Apart from their definite style, there’s a wonderful intimacy in the shots. That is so perfect for a horror project like this as it draws us in that much more. It creates those subtle emotional connections that make the best horror films work so well (think “Rosemary’s Baby”).

Watch for this one, all!




RELEASE :: October 11, 2013


(Thanks to EW for the pic!)

MANDALAY PICTURES SAYS :: “A love story driven by horror, mystery and vengeance, follows edgy twenty-six-year-old Ig Perrish who awakens from a night of hard drinking to find devil horns sprouting from his own head. As the horns grow, Ig realizes that they enable him to hear the inner thoughts and darkest temptations of those around him — a nifty tool in solving and avenging his late girlfriend’s murder.”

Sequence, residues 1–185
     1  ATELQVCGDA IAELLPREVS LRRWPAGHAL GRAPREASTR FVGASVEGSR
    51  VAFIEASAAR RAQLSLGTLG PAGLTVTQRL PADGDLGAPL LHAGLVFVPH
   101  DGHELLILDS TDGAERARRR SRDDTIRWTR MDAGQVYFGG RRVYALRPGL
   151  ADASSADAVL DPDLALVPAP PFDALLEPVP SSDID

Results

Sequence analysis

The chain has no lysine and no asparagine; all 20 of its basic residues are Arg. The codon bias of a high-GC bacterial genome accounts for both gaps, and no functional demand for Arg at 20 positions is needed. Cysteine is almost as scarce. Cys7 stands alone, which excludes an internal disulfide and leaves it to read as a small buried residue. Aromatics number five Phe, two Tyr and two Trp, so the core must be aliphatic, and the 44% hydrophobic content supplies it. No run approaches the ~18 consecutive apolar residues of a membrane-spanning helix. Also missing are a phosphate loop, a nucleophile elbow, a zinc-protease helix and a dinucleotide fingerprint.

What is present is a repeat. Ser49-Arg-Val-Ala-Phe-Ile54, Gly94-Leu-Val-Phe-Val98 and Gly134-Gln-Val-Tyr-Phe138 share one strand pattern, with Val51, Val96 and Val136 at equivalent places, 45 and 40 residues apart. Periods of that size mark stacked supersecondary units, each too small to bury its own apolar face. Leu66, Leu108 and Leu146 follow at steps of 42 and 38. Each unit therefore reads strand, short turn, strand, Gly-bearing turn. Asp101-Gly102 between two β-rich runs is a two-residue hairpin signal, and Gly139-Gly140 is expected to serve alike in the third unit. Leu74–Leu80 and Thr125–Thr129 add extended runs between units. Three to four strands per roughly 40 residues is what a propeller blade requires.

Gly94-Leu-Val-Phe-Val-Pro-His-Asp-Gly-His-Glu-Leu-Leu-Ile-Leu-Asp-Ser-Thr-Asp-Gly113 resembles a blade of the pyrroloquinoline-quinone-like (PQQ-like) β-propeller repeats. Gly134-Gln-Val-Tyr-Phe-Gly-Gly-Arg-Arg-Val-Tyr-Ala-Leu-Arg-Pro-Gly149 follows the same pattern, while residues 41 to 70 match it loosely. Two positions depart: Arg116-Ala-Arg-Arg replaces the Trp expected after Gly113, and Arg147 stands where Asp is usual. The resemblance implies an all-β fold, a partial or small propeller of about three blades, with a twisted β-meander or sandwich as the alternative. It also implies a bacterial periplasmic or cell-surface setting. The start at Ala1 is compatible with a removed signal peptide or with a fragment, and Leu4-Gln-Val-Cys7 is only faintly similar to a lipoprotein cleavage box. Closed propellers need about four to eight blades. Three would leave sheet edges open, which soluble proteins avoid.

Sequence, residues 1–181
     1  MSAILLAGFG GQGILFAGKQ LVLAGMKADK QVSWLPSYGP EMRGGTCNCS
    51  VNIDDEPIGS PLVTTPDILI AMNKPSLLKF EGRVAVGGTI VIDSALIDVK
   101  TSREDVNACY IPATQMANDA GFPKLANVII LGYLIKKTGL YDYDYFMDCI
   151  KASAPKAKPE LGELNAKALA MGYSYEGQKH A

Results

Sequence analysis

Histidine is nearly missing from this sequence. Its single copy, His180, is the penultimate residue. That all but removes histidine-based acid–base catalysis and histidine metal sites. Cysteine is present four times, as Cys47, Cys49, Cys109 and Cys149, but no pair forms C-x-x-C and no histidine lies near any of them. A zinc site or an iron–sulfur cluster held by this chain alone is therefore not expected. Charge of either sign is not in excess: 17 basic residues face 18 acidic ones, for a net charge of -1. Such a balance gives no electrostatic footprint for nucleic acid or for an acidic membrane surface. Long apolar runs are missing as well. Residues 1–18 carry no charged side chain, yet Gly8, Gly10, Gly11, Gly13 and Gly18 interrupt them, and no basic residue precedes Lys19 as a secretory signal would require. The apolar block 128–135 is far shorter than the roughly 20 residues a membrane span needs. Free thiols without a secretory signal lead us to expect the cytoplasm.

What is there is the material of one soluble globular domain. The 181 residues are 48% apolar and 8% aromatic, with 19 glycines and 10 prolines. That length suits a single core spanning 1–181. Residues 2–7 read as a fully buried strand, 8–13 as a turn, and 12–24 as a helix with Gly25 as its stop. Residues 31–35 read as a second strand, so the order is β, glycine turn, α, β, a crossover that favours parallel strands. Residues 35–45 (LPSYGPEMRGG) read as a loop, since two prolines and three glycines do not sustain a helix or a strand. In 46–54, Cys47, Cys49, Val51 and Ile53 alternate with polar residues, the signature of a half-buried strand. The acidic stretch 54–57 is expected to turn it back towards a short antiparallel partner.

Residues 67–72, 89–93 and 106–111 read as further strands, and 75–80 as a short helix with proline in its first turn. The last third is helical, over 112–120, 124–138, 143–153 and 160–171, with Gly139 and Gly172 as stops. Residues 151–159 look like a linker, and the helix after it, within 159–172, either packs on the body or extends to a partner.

MY TAKE :: Daniel Radcliffe continues to redefine his career after “Harry.” This may move him the furthest. With a cult-like following for the source material from Joe Hill (Stephen King’s Son), and Alexandre Aja directing (“Piranha” and High Tension”) this has a ton of potential to be really fun.




RELEASE :: October 18, 2013

SONY PICTURES SAYS :: “A reimagining of the classic horror tale about Carrie White (Chloë Grace Moretz), a shy girl outcast by her peers and sheltered by her deeply religious mother (Julianne Moore), who unleashes telekinetic terror on her small town after being pushed too far at her senior prom. Based on the best-selling novel by Stephen King, Carrie is directed by Kimberly Peirce with a screenplay by Roberto Aguirre-Sacasa.”